Another very useful thing to do is study the eclipses that came immediately before you were born. Use your place of birth, or that of your client, and use the time of the eclipse out of the ephemeris. You can consider these secondary birth charts. If an eclipse occurred shortly after you were born, say, within one month, those will be potentially helpful charts to look at as well, those properly those would fall under the larger heading “progressions” which I will get into in another place and time.

I will be back with Chariklo next week.

Arachne: The webs we weave

February 1st, 2009

I wrote once that Arachne was about conspiracies, but not the Watergate kind. It’s one of those asteroids used mainly for adding detail to a story. When I’m working with a client and he or she starts to tell a story involving gossip, a plot of any kind, or some situation where many facets seem to be interwoven, I immediately add Arachne to the chart. It has a distinct feeling of interconnectedness. The glyph the graphic representation of a spiderweb.

By the way, that’s one technique for working the minor planets. You don’t use all of them in any one chart, just like a repair person won’t use all of his or her tools for one job. Apart from the basics and the ones that speak to you very dependably, you can add asteroids and other minor planets to the chart as the theme arises. For example, as I listen to the client describe their situation, they might describe something pride, so I’ll add Hybris. They might mention something about people who cling to their beliefs for convenience, I’ll look at Borasisi. They might start describing how their father owned a large company and I’ll look at Industria. When they start taking about three generations and/or addiction patterns, I will study Pholus.

I add Arachne to the chart when I hear someone describing situations hat seem to involve a tangled web. When I detect paranoia, or people acting in concert, I’ll add Arachne. This will not necessarily tell the whole story, but it can give you insight into the functioning of certain other planets that contact Arachne, and which might be implicated in the conspiracy. For example, if the client is a woman and describes her love life as a big conspiracy, you might see Arachne conjunct Venus.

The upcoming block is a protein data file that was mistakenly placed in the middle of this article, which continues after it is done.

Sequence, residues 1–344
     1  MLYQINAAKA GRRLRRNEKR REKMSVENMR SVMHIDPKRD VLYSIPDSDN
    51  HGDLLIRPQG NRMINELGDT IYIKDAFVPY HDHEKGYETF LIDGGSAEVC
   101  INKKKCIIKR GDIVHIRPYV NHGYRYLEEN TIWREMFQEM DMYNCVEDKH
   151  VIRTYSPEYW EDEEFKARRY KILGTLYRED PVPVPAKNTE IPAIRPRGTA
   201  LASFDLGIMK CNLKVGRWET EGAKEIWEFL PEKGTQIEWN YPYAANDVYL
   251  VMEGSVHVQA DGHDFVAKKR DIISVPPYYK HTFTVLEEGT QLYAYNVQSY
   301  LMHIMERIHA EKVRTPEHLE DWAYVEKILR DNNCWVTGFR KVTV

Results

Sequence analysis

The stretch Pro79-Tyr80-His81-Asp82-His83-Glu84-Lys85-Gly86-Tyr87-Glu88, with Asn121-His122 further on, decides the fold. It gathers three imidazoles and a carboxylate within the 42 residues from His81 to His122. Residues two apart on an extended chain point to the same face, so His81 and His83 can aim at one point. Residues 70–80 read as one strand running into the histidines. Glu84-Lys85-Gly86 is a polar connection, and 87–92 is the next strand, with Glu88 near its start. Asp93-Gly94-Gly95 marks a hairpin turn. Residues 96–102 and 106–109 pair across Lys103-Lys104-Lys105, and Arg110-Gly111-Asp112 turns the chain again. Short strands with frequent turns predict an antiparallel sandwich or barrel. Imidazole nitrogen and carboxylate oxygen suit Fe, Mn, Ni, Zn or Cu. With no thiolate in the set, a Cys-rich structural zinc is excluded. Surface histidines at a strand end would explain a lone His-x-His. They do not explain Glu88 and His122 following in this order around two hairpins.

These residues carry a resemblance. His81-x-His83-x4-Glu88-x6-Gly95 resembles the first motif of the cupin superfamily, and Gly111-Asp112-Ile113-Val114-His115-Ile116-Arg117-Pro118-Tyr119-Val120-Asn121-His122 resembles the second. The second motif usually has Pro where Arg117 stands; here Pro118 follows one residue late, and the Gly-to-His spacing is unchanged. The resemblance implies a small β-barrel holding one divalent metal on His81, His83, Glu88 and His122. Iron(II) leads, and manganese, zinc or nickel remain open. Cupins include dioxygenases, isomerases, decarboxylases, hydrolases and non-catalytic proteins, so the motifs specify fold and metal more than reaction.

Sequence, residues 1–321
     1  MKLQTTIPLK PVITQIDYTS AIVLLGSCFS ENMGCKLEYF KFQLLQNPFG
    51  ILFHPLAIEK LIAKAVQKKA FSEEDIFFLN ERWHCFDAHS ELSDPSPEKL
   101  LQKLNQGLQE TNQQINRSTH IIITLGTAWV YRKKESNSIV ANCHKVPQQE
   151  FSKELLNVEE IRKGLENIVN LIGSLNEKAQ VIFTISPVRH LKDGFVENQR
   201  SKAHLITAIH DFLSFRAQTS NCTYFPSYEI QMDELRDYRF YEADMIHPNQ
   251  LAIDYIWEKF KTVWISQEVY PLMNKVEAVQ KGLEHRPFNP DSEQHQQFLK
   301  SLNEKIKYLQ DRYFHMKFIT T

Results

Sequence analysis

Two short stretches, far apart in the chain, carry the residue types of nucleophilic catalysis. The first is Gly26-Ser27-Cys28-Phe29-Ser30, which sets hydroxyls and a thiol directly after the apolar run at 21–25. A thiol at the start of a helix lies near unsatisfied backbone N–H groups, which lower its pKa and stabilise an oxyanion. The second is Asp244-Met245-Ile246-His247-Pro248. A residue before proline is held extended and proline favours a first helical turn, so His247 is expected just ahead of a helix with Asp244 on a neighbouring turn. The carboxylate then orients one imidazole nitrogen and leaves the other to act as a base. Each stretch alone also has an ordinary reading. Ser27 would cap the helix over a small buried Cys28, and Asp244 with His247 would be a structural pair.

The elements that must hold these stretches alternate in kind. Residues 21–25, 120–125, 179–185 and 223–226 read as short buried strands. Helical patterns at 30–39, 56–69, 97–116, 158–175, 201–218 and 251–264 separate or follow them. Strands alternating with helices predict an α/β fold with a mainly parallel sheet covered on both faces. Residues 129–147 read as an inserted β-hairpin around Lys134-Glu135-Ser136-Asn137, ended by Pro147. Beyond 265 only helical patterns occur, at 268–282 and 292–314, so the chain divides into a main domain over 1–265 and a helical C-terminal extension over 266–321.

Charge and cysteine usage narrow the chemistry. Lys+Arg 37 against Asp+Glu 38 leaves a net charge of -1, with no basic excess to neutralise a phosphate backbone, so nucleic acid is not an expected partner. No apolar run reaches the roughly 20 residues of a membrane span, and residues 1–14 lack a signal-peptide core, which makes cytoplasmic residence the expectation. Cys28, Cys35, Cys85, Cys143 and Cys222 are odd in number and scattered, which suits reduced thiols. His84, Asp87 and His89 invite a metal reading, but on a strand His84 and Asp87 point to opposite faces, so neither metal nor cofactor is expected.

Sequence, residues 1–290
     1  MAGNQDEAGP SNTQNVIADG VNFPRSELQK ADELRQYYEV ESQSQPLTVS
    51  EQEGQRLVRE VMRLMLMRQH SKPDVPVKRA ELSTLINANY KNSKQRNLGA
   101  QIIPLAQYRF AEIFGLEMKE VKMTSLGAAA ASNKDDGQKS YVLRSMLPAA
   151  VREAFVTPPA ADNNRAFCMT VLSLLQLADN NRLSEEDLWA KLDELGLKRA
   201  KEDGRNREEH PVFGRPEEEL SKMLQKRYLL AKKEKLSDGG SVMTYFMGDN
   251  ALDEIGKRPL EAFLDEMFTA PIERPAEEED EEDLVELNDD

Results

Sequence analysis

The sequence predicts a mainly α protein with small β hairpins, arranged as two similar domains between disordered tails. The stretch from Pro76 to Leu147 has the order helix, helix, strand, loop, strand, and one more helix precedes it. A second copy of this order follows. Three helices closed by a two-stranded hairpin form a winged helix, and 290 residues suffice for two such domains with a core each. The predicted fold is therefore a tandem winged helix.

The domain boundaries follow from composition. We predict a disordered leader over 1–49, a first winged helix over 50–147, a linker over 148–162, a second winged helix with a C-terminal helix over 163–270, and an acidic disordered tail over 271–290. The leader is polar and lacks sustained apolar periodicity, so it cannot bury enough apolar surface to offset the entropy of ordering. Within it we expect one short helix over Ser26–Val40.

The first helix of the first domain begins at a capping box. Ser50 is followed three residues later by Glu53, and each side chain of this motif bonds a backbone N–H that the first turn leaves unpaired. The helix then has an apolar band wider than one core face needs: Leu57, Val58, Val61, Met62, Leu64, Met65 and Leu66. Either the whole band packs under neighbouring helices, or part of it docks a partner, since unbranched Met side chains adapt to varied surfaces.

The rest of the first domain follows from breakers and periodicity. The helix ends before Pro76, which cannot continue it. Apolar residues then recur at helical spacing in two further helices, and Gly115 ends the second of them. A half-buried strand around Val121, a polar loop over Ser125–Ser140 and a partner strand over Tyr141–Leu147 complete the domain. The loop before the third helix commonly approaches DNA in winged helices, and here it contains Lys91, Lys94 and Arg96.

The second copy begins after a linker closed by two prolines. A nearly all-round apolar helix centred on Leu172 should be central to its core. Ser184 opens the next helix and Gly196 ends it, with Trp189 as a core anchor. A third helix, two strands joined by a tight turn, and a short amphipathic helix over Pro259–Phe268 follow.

Just for fun a moment ago, I cast the Watergate chart (the arrests were 2:30 am on June 17, 1972 in Washington DC, as documented in the Washington Post). And what we find is Arachne conjunct Osiris — a conspiracy in a lot of little pieces. So look to Arachne to reveal something about the nature of a conspiracy when you’re dealing with one of those, which will be frequently enough in a moderately busy astrology practice; just about everything is based on a conspiracy.

But more to the point, we tell ourselves stories; our whole lives are made of stories, and Arachne will give you a clue as to their nature; where they might manifest; and the relationship to the larger forces involved. We often seem to be caught in our own internal webs of deceit, the stories we tell one another, and the stories of others into which we get ensnared. But mostly they are the stories we tell ourselves.

Arachne is a mortal who was turned into a spider, in the cycle of myths involving weaving of stories, and hence of the universe. There is a morality play in her relationship with Minerva, which again involves challenging one of the gods and thinking oneself better than they (a common sub-cycle of myths, and the human just about always loses the contest in some significant way). I will skip the story, but Minerva turned Arachne to a spider.

I’ve noticed that there are people who seem to attract spiders to them. These are the people whom spiders find in shopping malls, in the car, or sitting in a restaurant. Usually you will find them in denial of their story; in denial that they are the ones writing the story of their lives. Give Arachne a close look in their chart, and call on the great Spider to protect them.

Sappho: About Lesbianism?

January 25th, 2009